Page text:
As the likelihood of overturning PASPA grows, the relationship between American sports leagues and betting operators becomes more turbulent, something that’s in no small part down to the 1% integrity fee being pitched by many of the leagues.

President of Don Best Sports, Benjie Cherniak spoke to SBCAmericas about what he believes is the real motive behind the touted integrity fee, as well as further expanding upon why American Leagues could be looking at the English Premier League as an example of how to embrace legalised betting.

SBCAmericas: With regards to the integrity fee being proposed by the leagues, do you anticipate it will  actually serve any purpose in increasing integrity in sports betting?

Benjie Cherniak: The proposed fee relates primarily to NBA and MLB’s desire to secure their share of sports betting revenues.  This is not to say that MLB and NBA are not concerned with integrity. Of course they are, as are all the US based leagues.  The reality however is that US residents have been betting via grey markets for decades, reportedly to the tune of approximately 200 billion annually, such that integrity has always been a concern for the leagues. A PASPA repeal may result in magnification of integrity efforts to some extent, or at least increase the visibility of said efforts, but that does not mean there will be a significant correlation between an integrity fee and actual increased integrity of the games, as the leagues have been and will continue to manage this process regardless.

I think we also have to be a bit careful when we say “the leagues” because they do not seem to be operating as a united front as it pertains to the sports betting saga. The NBA and MLB have asked for an integrity fee, whereas NFL and NHL have been relatively quiet on the matter. And what about the NCAA? They are the forgotten child in this equation. Approximately 25% of betting handle in the US is on college sports, and as we know the college student athletes are not paid, making them much more ripe for corruption then the highly paid professionals.  The NCAA piece should be a much bigger part of the conversation then it has been to date as this is where we see the greatest integrity risks.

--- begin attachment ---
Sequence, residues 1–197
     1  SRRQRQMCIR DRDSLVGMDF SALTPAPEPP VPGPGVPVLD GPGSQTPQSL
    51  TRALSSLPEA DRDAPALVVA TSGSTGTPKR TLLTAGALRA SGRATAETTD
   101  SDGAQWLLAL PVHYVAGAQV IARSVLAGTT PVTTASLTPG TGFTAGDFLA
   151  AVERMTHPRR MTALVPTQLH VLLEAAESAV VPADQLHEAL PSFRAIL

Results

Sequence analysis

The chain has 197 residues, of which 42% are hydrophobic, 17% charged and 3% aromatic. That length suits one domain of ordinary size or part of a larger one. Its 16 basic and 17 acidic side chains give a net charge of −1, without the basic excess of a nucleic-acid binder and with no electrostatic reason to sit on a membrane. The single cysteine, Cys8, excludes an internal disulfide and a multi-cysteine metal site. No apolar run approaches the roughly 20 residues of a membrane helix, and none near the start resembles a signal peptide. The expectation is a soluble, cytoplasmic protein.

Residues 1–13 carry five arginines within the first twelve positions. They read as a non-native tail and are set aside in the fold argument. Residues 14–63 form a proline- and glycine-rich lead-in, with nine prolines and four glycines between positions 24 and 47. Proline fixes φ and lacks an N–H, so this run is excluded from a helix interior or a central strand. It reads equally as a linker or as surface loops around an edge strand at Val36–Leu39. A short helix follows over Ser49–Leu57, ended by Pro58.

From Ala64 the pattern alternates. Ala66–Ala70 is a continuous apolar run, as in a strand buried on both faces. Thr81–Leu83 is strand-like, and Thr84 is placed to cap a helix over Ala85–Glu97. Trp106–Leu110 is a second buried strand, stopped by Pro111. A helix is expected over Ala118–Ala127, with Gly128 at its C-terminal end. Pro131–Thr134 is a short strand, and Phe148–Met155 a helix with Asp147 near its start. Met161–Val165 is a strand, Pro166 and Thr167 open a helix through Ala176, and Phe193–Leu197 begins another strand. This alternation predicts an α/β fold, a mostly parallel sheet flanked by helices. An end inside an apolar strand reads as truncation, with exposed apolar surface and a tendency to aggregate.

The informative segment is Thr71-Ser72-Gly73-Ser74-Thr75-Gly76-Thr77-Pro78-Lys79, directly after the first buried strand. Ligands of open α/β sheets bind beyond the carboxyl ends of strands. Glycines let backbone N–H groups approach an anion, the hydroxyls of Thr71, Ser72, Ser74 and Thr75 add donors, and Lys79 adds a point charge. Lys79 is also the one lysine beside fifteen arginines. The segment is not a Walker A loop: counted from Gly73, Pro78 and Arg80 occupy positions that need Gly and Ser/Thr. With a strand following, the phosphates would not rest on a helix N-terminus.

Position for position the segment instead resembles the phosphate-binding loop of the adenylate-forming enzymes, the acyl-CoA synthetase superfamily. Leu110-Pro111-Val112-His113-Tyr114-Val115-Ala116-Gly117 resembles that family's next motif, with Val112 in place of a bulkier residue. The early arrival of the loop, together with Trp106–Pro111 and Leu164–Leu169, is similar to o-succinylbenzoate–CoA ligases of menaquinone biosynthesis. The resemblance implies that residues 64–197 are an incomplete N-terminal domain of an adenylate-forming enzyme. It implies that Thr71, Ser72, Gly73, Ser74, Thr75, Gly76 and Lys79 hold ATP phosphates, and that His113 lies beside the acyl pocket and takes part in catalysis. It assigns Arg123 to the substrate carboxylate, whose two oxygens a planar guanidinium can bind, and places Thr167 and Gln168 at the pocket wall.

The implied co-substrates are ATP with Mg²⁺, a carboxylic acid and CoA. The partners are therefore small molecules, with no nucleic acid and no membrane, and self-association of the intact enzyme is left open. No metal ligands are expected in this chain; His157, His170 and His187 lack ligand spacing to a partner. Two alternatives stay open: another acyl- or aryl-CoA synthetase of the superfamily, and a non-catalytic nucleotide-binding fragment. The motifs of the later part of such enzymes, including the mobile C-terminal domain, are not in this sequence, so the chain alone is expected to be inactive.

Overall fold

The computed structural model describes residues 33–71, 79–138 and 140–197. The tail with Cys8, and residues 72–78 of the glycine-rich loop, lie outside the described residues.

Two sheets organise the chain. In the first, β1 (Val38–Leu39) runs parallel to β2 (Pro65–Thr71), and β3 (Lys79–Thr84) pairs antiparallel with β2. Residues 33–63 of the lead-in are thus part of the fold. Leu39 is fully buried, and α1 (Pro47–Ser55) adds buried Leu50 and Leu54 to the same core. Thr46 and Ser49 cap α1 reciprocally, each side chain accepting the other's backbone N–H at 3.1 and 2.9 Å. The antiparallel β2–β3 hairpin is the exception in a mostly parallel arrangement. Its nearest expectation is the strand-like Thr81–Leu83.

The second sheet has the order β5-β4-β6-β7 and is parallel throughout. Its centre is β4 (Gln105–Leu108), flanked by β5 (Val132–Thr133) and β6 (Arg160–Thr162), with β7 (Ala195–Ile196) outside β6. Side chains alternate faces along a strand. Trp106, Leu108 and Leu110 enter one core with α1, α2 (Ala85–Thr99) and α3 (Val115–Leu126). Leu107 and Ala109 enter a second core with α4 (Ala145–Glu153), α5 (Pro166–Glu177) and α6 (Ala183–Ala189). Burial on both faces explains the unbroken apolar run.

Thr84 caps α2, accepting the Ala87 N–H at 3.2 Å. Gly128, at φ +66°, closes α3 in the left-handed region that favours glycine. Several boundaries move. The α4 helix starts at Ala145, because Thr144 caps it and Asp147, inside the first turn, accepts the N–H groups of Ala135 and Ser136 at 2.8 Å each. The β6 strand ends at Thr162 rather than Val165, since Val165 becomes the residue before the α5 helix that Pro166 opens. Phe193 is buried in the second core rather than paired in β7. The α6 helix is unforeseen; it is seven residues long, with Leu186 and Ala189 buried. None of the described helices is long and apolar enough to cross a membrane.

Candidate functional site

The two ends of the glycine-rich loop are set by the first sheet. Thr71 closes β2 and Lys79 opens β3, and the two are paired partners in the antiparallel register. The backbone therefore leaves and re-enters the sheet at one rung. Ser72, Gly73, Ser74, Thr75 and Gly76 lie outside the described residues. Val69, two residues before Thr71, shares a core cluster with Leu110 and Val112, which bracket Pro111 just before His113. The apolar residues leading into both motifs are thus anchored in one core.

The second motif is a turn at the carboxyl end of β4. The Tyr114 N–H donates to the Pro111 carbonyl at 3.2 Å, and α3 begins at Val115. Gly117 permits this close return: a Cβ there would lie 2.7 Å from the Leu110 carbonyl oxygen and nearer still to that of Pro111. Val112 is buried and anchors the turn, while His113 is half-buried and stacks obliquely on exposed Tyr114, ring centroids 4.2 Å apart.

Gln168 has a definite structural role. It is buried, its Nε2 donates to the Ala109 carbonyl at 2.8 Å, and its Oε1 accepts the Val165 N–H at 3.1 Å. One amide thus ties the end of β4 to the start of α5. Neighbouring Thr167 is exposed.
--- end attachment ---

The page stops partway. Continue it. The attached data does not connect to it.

SBCAmericas: Do you foresee a stage where the leagues in America embrace sports betting and work together with operators, or should we get used to this struggle?

BC: I think the relationship between the leagues, the operators, and the states will improve over time. We do not even have a Supreme Court decision yet so we need to bear in mind that these are early days. The NBA and to a lesser extent the MLB position have evolved considerably over the last 12 months and will surely continue to evolve as the landscape crystallises. That said, until we see the NFL formulate a position, we are only playing with half a deck of cards, given the NFL’s popularity this side of the pond. I do think the leagues and operators will eventually work in a more collaborative manner, but the starting point for as such is that the leagues themselves need to work in a collaborative manner.  For the moment all parties are treading very carefully in an effort to understandably protect their individual interests.

SBCAmericas: Should American leagues be looking to the English Premier League as an example of how sports betting operators can be lucrative sponsorship partners?

BC: I’m sure the leagues are looking at the financial potential associated with betting operators as sponsorship partners, and of course the EPL is the gold standard.  The US leagues have already partnered with leading fantasy operators, so it is within reason to think that in time they will do the same with betting operators. The EPL model is unique however, as each team gets to negotiate their own deal with betting companies as opposed to a league wide sponsorship.  I do not see the US leagues voluntarily migrating to a team driven betting model but over time we could see the individual team owners pushing for exactly that as they aim to carve out their piece of the sports betting pie. Needless to say, interesting times lie ahead.